The visual of all the pieces together, face-up, was quite striking. The vibrantly-printed colors and textures, as I highlighted on individual pieces above, looked incredible all together as a larger group.
First, quite logically, I put together the border of the puzzle. For this particular puzzle, it wasn’t too difficult.
My haphazard approach ended up working rather well for this puzzle. There were some distinctive colors and patterns that jumped out to me right away, especially Poison Ivy’s red hair and green outfit, and the parallel lines of the Arkham Asylum gates to either side of the Joker. I quickly got into the groove with the puzzle, and by the time I came up for air I was probably about two-fifths of the way through.
By this point, I decided that in spite of my initial instincts, I needed to undertake at least a small sort. I picked out black (or mostly black) pieces, smoky/hazy pieces, pieces that had bits of broken glass imagery, and pieces that had parts of the colorful borders between frames within the image.
My sorting ended up being a huge help. Once I had the remaining pieces in categories, most of the left-hand and center sections of the puzzle came together, leaving mostly the dark gray and black pieces from Batman’s body and cape.
It took a bit of patience and perseverance to finish the remaining darker section of the puzzle, but by the time I got to this point I had a sense of accomplishment that fueled me through to the finale.
Here it is completed! To say that I loved this particular puzzle is an understatement. One of my favorite things about puzzles with comic book art is that the process of putting together the puzzle makes me admire the intricacy and detail of the line work in the artwork even more than at first glance. Unfortunately, I wasn’t able to find an artist’s name for this collage piece, but whomever it was who illustrated this puzzle did an incredible job with these well-known characters.
If you like the style of this collector’s edition Batman puzzle but are more of a Superman fan, Ravensburger and Puzzle Warehouse have also got you covered with this incredible 1,000-piece Superman Collector’s Edition puzzle.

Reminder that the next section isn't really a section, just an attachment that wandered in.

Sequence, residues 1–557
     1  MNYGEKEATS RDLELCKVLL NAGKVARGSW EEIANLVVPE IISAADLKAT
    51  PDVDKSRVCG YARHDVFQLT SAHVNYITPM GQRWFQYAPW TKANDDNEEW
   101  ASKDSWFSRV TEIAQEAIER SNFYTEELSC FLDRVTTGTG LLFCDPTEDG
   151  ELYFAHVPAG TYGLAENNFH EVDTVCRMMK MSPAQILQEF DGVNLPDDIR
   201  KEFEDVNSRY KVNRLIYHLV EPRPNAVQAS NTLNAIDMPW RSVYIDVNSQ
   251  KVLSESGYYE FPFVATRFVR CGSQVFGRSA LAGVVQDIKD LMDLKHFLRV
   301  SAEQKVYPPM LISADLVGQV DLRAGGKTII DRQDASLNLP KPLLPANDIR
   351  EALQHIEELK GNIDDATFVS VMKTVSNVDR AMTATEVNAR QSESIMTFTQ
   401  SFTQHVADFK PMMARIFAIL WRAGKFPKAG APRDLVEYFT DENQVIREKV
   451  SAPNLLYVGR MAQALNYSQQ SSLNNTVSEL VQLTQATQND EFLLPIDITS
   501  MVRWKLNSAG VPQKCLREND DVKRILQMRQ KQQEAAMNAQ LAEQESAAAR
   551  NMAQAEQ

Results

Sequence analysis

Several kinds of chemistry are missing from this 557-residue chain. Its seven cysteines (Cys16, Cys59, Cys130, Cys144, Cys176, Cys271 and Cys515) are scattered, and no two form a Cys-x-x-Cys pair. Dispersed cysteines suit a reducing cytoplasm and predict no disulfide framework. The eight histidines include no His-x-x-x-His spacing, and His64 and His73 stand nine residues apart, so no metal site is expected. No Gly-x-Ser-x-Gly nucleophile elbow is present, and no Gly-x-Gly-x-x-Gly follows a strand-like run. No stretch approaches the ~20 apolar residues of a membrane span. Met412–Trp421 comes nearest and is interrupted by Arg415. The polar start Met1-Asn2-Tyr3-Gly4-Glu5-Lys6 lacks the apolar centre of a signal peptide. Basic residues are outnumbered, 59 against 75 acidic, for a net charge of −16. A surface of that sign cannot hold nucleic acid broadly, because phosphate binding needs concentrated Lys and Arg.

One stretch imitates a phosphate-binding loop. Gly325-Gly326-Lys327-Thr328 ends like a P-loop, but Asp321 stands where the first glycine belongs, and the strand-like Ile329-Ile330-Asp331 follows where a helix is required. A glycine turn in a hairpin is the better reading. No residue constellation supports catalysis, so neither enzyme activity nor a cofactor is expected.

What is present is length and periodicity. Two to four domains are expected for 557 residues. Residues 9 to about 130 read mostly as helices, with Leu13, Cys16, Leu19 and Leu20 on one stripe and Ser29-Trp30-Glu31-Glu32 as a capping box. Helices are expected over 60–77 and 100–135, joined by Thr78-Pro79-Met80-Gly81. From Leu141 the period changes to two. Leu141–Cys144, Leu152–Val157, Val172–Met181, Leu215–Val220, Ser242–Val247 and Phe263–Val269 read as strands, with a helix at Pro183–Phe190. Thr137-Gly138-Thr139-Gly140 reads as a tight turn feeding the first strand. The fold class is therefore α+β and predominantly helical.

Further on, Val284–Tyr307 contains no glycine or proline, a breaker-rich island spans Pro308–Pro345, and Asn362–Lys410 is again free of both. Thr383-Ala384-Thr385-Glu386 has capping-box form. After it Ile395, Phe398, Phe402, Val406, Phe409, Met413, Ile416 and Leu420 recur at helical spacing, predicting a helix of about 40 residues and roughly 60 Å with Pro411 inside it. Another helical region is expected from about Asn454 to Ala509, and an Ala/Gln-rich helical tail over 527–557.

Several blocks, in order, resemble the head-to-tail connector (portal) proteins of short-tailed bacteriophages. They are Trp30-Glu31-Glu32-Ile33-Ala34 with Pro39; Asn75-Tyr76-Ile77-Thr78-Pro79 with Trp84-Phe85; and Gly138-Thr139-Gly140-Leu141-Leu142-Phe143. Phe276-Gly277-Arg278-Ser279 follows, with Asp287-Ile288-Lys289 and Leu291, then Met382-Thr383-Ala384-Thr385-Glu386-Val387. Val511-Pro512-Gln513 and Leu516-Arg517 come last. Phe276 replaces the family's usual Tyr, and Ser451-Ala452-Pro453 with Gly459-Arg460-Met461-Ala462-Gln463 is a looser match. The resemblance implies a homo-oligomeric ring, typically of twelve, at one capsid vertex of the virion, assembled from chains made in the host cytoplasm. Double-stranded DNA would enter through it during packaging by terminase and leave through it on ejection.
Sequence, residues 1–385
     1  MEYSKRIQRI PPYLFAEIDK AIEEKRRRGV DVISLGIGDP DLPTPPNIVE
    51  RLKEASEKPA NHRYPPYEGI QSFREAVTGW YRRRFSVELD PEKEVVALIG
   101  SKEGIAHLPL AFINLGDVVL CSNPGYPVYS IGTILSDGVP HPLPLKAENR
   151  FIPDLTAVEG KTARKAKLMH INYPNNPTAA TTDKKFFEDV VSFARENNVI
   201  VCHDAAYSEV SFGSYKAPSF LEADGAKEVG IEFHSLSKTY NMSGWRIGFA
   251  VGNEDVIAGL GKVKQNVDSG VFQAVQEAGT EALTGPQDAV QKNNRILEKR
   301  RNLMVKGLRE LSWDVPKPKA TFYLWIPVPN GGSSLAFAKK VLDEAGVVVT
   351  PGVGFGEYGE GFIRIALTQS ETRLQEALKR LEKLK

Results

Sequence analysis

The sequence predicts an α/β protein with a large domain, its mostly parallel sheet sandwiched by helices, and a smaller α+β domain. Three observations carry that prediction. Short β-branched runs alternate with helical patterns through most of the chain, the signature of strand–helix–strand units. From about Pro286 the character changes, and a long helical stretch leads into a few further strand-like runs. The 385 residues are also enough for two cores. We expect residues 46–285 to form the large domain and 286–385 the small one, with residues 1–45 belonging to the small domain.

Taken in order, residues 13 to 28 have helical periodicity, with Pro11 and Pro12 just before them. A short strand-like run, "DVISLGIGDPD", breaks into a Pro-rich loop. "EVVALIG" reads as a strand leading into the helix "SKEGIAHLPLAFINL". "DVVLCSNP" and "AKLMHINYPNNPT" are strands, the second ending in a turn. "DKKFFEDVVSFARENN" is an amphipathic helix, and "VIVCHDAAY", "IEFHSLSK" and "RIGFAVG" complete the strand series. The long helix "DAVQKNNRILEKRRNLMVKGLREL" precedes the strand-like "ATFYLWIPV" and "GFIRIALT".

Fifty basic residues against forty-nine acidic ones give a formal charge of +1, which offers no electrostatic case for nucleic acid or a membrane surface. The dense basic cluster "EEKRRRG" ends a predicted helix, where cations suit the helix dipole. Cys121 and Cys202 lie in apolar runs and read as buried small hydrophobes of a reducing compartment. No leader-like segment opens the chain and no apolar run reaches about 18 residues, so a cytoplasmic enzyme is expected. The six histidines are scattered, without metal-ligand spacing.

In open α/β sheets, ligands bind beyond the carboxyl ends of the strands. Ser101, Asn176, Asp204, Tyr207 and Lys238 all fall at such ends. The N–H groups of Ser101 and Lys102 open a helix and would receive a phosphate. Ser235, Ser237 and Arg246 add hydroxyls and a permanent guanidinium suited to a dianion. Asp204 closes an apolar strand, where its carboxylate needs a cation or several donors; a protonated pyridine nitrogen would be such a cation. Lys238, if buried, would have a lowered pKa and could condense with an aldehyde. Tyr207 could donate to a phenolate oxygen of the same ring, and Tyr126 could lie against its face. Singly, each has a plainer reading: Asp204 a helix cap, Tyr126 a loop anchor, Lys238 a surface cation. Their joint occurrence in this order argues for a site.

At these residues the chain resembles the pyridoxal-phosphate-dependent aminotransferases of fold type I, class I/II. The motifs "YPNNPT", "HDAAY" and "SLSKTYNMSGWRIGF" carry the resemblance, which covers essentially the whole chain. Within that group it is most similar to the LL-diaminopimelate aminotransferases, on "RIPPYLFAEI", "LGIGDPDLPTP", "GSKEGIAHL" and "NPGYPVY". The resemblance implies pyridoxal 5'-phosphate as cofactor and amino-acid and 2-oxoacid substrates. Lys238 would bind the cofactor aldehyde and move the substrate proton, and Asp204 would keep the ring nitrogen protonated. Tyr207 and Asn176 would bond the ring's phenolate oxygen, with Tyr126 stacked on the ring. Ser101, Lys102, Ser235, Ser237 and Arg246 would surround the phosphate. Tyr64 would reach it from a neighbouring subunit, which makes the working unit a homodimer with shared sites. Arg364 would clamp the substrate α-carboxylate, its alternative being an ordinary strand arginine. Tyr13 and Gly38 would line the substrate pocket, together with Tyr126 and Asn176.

I also love this 1,000-piece Wonder Woman Ravensburger puzzle. There are so many different distinct colors and textures throughout that it looks quite doable.
If you’re more of a Marvel Fan – or Buffalo Games fan – there are quite a few puzzles to be had in these categories as well. For a while, I was collecting as many Buffalo Games Marvel puzzles as I could, because on my YouTube channel I undertook two separate ‘12-Hour Marvel Puzzle Challenges (here and here).” That means I’ve spent over an entire day of my life puzzling Marvel/Buffalo puzzles!
Here are a few of my favorites that are stocked by Puzzle Warehouse:
Rounding out this list of featured puzzles is a striking 1,000-piece Black Panther #1 puzzle from Buffalo Games. I find this cover image particularly striking.
Whether or not you’re attending Comic Con (or if you’re attending a local con some other time of year), I hope this post has inspired you to pick up both an issue of a comic book – or a graphic novel – as well as a comic book-themed puzzle. Illustrations are truly my favorite images to puzzle because of how much the artist can imbue the individual scene with their own distinctive flair and style, and there are so many super options to choose from through Puzzle Warehouse to whet your appetite for heroes and villains.